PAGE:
Artie Lange talks about Hoboken, and the future

An interview with our neighbor and jokester

Artie Lange, who closes the Hoboken Comedy Festival with two shows on Oct. 4, is one of the most well-known residents of Hoboken. A star of TV, film and radio for two decades, he’s spent more than half of the last 20 years in an apartment overlooking the Hudson River. And he does not plan to leave Hoboken any time soon.
Beyond the upcoming festival, Artie has plenty of things happening for him in town. Started up earlier this year, he records the subscription-based Artie Quitter podcast out of his home. From that very same residence, Artie has also been writing his third book with Anthony Bozza; their two previous collaborations were both New York Times best-sellers. And never say never on “Hojoken” becoming a reality; more on that concept is below.
Following my appearance on Artie Quitter alongside comics Dan Frigolette, Geno Bisconte, and Chris Cotton, and producer Dan Felato, I was able to ask a number of Hoboken-related questions to Artie. The man may have no intentions of enjoying the Hudson Bike Share program anytime soon, but he surely can tell you where to dine in-town.

I think Colin Quinn said on the Artie Quitter podcast last week that with Eli Manning leaving town, that you’re the most famous person in Hoboken.

Artie Lange: (laughs)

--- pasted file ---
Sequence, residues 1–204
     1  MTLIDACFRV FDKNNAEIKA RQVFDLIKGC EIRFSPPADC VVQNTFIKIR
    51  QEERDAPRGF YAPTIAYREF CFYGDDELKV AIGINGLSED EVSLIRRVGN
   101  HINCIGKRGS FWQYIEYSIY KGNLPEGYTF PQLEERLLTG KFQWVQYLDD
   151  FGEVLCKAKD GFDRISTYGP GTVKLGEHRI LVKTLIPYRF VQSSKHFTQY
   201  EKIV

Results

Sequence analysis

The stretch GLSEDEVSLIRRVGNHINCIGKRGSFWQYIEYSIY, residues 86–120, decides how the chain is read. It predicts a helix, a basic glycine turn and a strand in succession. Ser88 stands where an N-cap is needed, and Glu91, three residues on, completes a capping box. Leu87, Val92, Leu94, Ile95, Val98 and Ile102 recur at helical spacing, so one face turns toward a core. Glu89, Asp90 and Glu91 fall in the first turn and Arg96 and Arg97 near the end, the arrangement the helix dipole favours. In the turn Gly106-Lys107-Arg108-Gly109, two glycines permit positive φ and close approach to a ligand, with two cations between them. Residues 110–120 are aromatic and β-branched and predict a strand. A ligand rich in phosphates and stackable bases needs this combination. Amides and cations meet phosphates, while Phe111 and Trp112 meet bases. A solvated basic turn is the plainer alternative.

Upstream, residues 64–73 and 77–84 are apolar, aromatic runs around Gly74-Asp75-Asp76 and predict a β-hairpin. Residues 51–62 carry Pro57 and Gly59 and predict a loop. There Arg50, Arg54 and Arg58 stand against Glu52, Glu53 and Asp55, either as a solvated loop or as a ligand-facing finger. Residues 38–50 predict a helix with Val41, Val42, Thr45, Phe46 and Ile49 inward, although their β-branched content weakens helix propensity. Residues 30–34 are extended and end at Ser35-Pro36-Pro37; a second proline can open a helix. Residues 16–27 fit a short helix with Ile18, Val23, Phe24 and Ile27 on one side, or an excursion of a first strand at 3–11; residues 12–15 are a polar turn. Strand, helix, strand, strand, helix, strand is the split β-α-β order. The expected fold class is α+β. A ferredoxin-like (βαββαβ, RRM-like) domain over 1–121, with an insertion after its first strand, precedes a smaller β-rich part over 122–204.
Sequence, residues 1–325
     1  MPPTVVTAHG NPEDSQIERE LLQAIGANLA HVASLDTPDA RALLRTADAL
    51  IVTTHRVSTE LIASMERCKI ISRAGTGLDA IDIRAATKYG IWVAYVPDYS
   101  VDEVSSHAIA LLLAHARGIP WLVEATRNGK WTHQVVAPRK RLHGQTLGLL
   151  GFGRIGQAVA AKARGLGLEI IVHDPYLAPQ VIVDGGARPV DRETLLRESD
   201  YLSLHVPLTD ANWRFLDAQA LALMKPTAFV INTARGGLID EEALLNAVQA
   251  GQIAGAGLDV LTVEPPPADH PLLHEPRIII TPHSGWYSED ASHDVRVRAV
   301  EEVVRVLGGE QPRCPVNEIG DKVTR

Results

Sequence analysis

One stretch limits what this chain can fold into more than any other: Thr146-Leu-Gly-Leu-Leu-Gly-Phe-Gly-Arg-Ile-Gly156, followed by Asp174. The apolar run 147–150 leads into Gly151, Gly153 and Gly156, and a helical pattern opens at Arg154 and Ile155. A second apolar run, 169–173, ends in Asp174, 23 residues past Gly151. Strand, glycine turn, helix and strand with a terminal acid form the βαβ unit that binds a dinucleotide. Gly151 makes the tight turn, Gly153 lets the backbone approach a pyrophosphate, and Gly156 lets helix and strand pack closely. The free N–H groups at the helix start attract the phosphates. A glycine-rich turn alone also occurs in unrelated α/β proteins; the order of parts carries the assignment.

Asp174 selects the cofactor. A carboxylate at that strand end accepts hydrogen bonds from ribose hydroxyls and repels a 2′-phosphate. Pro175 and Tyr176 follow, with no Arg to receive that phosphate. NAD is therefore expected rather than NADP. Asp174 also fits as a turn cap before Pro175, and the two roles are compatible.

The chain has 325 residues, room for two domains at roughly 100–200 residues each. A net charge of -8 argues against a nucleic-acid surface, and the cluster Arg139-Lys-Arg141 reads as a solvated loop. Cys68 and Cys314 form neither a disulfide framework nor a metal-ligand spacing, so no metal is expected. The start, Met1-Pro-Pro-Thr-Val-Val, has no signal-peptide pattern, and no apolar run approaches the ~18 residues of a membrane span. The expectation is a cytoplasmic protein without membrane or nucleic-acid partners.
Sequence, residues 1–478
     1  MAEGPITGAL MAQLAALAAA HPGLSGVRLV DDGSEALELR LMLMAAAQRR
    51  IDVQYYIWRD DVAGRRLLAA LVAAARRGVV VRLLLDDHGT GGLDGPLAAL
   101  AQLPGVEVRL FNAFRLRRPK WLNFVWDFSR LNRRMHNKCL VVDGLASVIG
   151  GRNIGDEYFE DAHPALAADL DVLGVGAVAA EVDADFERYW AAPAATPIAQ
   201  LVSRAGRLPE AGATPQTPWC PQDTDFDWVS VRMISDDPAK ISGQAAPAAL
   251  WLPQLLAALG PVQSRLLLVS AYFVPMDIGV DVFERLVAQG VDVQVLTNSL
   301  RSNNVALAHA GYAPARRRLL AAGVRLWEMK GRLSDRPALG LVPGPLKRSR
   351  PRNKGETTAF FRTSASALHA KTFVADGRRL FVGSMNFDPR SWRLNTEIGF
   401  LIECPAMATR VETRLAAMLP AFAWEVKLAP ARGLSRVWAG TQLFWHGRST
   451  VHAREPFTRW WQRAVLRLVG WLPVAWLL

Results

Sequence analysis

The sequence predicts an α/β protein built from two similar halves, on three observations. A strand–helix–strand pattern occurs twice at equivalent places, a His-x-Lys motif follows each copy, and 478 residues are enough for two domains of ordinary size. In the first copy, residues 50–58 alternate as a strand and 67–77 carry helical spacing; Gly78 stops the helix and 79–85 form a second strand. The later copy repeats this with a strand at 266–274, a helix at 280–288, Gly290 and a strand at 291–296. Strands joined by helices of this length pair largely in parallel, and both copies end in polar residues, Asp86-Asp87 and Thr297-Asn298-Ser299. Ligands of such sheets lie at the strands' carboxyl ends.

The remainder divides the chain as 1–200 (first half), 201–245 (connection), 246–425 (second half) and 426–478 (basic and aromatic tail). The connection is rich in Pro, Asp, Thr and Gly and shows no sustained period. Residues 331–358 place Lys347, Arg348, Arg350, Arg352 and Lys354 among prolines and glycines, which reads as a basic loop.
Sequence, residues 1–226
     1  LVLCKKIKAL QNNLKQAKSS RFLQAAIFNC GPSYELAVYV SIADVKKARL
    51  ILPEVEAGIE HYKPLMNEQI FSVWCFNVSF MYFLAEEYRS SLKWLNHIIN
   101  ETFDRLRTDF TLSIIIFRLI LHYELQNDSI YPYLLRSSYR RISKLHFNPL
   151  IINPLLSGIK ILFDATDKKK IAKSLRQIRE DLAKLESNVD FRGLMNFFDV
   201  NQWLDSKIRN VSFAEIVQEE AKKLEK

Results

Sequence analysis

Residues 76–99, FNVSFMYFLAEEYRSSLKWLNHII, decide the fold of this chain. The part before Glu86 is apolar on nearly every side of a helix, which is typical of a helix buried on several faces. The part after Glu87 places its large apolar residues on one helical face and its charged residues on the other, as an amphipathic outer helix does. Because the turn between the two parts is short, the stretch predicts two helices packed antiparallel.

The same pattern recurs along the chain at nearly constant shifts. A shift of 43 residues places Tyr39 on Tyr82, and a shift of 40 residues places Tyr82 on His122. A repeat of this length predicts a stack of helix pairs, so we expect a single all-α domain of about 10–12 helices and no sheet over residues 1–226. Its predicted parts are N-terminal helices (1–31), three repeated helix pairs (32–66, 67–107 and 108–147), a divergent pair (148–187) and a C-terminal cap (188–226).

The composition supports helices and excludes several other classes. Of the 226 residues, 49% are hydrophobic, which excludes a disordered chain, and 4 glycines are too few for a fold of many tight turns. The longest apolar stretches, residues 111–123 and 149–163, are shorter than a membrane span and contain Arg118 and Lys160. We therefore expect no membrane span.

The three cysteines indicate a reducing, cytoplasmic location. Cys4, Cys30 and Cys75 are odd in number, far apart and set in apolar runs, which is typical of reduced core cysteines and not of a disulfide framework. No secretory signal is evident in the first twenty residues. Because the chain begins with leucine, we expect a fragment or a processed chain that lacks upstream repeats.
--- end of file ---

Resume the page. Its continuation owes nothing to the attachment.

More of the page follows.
I think Joe Pantoliano still has a place here. But what is it that you drew you to Hoboken as a resident?

A: I first moved here in ’01, I lived in L.A. from ’95 to ’01. A couple of years on MADtv, a couple on The Norm Show, I had some development deals, doing stand-up, I had a couple of movies. When The Norm Show ended, I was 31 years old and I had never owned a place. I said that if I buy a place, I’ll buy a place on the East Coast with the hopes of getting back here someday and rent it, using it as an investment. Then The [Howard] Stern Show happened. I bought this place because it was way more than I could get in New York and it had a view and I’m still in Jersey. I like Jersey. And my mother wouldn’t go into the Lincoln Tunnel to bring me meatballs (laughs).
You laugh, but it was a big thing back then. I love it here; it’s comfortable. I like working in New York, with this view, I have the best view of Manhattan anyone could have. I’m a depressed person mostly, so when I come out and there’s light and I see the greatest city ever right there, it encourages you to live.

There are comparable views in other places nearby, so why Hoboken specifically?

A: Well, my sister lived here and she told me about this place, and I love her and want to be close to her. She turned me onto this place…I lucked out and got this place. A lot of people want to buy it because of the view. I’m not ready to go.

You split time between here and Toms River?

A: I have a house in Toms River, a summer house on the Jersey Shore. It’s like my dream Jersey Shore house. It’s on the bay. We have a pool, it’s a big place, I like it.

But most of your time is here in Hoboken?

A: Oh yeah, I’m here and on the road.

In one of your books, you talked a lot about Uptown Pizza [on 14th Street]. Did a lot of people go there because of you mentioning it?

A: Oh god, yeah. People from all over the country. I would go there and the guy would say, “Two people from Phoenix just came in, they were in New York and they took a ferry over here, and the guy said, “This is where Artie Lange eats pizza.” So the guy gave me free pizza forever, I wasn’t looking for that. Yeah, that happened, without question.